(A recent Economist article on a new cow-dung powered 100 million-gallon-a-year ethanol plant, reports that when the 73 ethanol plants under construction are added to 110 current ethanol refineries, they will supply 11.4 billion gallons a year ("Even in Texas" January 6, 2007. p. 26). Of course federal subsidies fuel these plants, along with cow-dung. Happily for the oil industry, ethanol supplies, though a drain on taxpayers, are unlikely to push down gas prices — it seems producing ethanol consumes as much or more energy as is contained in the final product.)

So like housing price swings in statist cities, oil price gyrations reflect not just shifts in demand but worldwide government control and intervention. The U.S. government responded to high oil prices in the 1970s by both subsidizing and heavily regulating oil shale development in Colorado. Tar sands development in Canada faced less regulation. Maybe new oil shale technologies will find ways around regulations to release shale oil in significant quantities this time. But why risk such investment? The Colorado or federal government could re-regulate, tax, or just ban oil shale as a source of intolerable greenhouse gases, or perhaps for endangering some newly-discovered spotted toad.

Meanwhile, high oil prices encourage infinitely diverse conservation efforts worldwide, many private and effective, others government-sponsored and foolish. For those who lived through the oil crisis and ensuing politicization of energy in the 1970s, it is deja vu all over again.

(Add color for the 200 miles of coastal waters the government now controls. Oil production is allowed only in parts of the Gulf of Mexico.)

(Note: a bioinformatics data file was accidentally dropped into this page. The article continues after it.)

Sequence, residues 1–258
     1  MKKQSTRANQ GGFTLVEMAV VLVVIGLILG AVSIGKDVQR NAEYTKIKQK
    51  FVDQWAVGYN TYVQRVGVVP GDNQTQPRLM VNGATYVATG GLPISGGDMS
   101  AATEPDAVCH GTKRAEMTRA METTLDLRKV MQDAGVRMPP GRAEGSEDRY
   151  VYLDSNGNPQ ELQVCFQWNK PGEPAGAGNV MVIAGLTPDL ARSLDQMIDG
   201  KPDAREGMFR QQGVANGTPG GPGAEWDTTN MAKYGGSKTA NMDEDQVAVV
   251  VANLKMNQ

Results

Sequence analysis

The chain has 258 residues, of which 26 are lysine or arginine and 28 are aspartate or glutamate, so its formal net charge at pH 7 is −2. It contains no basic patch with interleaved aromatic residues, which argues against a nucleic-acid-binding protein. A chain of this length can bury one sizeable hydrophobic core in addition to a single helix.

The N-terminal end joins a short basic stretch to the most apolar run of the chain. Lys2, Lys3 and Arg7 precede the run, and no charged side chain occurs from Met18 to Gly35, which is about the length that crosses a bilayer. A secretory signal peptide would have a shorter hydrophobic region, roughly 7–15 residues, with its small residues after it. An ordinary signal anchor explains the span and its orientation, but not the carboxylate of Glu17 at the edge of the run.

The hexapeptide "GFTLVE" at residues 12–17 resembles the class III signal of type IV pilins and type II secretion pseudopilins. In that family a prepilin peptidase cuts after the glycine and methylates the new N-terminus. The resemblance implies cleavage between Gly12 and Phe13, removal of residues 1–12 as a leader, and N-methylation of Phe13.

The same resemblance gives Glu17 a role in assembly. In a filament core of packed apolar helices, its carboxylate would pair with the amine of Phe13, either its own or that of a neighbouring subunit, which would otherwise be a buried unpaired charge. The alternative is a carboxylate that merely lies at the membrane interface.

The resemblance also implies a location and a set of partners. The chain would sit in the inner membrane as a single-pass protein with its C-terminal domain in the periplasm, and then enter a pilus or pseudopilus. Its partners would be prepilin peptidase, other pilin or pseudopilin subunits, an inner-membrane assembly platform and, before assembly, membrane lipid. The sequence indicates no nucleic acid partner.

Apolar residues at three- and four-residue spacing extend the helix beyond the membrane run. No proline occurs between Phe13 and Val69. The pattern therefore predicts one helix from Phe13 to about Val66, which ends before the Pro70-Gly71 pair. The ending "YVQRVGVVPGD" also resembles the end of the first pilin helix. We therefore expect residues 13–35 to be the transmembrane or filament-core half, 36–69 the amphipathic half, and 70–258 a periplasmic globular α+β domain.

Greg Rehmke further adds:

This year I would have purchased some [Apple stock] before Macworld, for the reasons I outline in my earlier article. I think the iLife software fits so well with LCD televisions that the new AppleTV will be popular. I videotaped my nephew's basketball game on Saturday, and we burned a DVD with nifty scene transitions and titles in ten minutes. My sister's family was watching the game an hour later. I think as the level of film clip production develops (above YouTube, but more local or varied than TV and Hollywood), Apple products will be well positioned to encourage creation of content as well as deliver it to big screen TVs. I didn't know much about the iPhone, though that made the big headlines.

Last week, Gabriella Megyesi and I spoke to about 35 homeschoolers near Charlotte, NC (27 students plus some parents). Six or seven of the students had laptops open. Four were white iBooks, two or three were Windows. I read reports that the Macintosh share has risen to 5%, but more important is the age distribution. If Macs have risen much higher among 14-22 year-olds, that would be very interesting.

I think too that as Mac and iPod popularity rises, more people are drawn into the Apple world, and more will watch Macworld for the first time. It is quite a show and will continue to excite investors. The show is streamed on the web beginning at six pm. I don't know how many to watch, but they would enter the market the next day. I think the news from Macworld has a different impact than the jobs' presentation. What other companies get this platform for presenting directly to consumers and investors? It is key to have surprises that have "wow" factors and are newsworthy.

By the way, relating to my oil and housing article, I have bumped into oil people in Wichita and Houston who are busy investing in production of oil drilling equipment in China. I wonder how many (hundreds of) others in various corners of the oil industry have made similar investments. I wonder how much of the world's steel is pouring into the "sure thing" of oil drilling equipment. "Everybody knows" oil is high and will stay high, and oil rigs are out-of-sight expensive. Cheap manufacturing in China is weirdly similar to ethanol plants for farmers. A magic new opportunity to make a killing by pouring capital into the energy industry.